CATALOG OF ORIGINAL DESCRIPTIONS: Globorotalia puncticulata puncticuloides Hornibrook 1981

This page provides data from the catalog of type descriptions. The catalog is sorted alphabetically. Use the current identification link to go back to the main database.


Higher levels: pf_cat -> G -> Globorotalia -> Globorotalia puncticulata puncticuloides
Other pages this level: << < G. praemiocenica, G. praenartanensis, G. praepseudomenardii, G. pseudochapmani, G. pseudocrassa, G. pseudomayeri, G. pseudomenardii, G. pseudomiocenica, G. pseudopachyderma, G. pseudoscitula, G. pseudoscitula elongata, G. pseudospinulosa, G. pshadae, G. pumilio, G. puncticulata padana, G. puncticulata puncticuloides, G. pusilla laevigata, G. pusilla mediterranica, G. pusilla pusilla, G. quadraria, G. quadrata, G. quetra, G. quinifalcata, G. redbankensis, G. reissi, G. renzi, G. rex, G. saginata, G. saheliana, G. salisburgensis, G. saphoae> >>

Globorotalia puncticulata puncticuloides

Citation: Globorotalia puncticulata puncticuloides Hornibrook 1981
Rank: sub-species
Type locality: DSDP Site 284, core 6, section 4, 120 cm
Type age (chronostrat): Late Pliocene or Early Pleistocene.
Type specimens: TF1590.: Register TF1590. Holotype and 22 paratypes,Topotypes will be deposited in the British Museum (Natural History) London, and the National Museum of Natural History, Smithsonian Institution, Washington.
Type repository: Lower Hutt; New Zealand Geological Survey

Current identification/main database link: Globoconella puncticulata (Deshayes 1832)


Original Description
Test hispid, usually compressed in juvenile stage, becoming progressively more inflated with growth, usually 4 chambers in final whorl, final chamber variable, usually strongly inflated and semicircular in end view but often compressed and reduced in size; sutural depressions shallow, moderately strongly recurved, periphery broadly rounded, lacking a distinct keel. Aperture opens in the plane of coiling and is moderately stongly arched with a distinct lip. Preferred coiling direction is dominantly sinistral in all populations seen.

Size: Holotype, diameter 0.58 mm.

Extra details from original publication

Remarks: The taxonomic treatment of populations induded in Globorotalia puncticulata puncticuloides is a difficult problem. In the East Coast Basin and in DSDP Site 284, such populations occupy similar biostratigraphic intervals and are characterised by varying proportions of rather compressed and strongly inflated individuals. The more compressed forms might be regarded as a different species if it were not for intermediate forms which show a complete gradation within many populations.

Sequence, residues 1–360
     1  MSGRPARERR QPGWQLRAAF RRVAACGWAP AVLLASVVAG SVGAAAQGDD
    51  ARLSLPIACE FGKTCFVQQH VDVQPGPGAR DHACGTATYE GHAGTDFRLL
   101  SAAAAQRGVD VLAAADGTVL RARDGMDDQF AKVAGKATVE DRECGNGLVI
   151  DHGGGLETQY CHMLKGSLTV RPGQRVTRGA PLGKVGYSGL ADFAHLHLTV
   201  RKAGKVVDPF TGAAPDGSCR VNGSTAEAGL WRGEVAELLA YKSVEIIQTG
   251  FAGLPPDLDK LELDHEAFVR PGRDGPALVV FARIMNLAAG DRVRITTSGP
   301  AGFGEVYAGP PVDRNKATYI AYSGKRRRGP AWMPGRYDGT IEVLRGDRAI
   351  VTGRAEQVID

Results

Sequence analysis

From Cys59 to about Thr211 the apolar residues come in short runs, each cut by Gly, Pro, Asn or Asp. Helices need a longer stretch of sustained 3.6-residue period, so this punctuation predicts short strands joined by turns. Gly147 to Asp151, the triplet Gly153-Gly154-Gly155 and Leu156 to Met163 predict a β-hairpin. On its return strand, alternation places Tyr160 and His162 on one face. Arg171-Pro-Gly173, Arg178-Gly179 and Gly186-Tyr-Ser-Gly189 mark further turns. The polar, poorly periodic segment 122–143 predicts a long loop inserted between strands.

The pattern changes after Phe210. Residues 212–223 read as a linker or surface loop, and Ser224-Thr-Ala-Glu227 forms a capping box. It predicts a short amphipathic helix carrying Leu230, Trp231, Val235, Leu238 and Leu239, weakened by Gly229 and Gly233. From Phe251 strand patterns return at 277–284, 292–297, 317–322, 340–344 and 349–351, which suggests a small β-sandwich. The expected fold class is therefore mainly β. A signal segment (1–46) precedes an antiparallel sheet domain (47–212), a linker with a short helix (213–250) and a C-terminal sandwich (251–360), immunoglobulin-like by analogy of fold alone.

Comparison of populations from a neritic environment in the East Coast Basin (Fig. 8, 9v-dd) with populations from the oceanic environment in DSDP Site 284 (Fig. 7) is made difficult because the oceanic individuals are much larger and tend to produce more inflated adults with larger apertures.

Globorotalia puncticulata puncticuloides is presumably derived from the more typical form of G. puncticulata (inflated chambers in both adults and juveniles, a very wide, highly arched aperture, usually lacking a distinct lip) which occupies a lower biostratigraphic interval.

Theyer (1973a, fig. 3, nos 5-15; 1973b) identified similar populations from the Tasman Sea as Globorotalia miozea conoidea, G. miozea sphericomiozea, G. puncticulata puncticulata, and G. puncticulata padana from a normally polarised interval which he identified as Gauss. Watkins et al. (1973) argued, however, that the paleomagnetic data were unreliable and that a simple Brunhes Matuyama stratigraphy was a likely alternative. They commented that these forms fall within the subantarctic G. puncticulata populations. Kennett (pers. comm.) has confirmed that populations from DSDP Site 284 were included in the records of G. puncticulata by Kennett & Vella (1975).

Because of the differences in typical populations of G. puncticulata and their different biostratigraphic range, it is proposed that G. puncticuloides populations be given the taxonomic status of a subspecies of G. puncticulata. G. puncticuloides is separable from G. crassula by greater inflation of the chambers without a broad triangular shape, and also by having an arched aperture with a more distinct lip. G. crassaformis is distinguished by having a narrow slit-like aperture, a more quadrate shape, and different ratios dextrally and sinistrally coiling individuals.

References:

Hornibrook, N. d. B. (1981). Globorotalia in the late Pliocene and early Pleistocene of New Zealand. New Zealand Journal of Geology and Geophysics. 24: 263-292. gs


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Globorotalia puncticulata puncticuloides compiled by the pforams@mikrotax project team viewed: 19-4-2021

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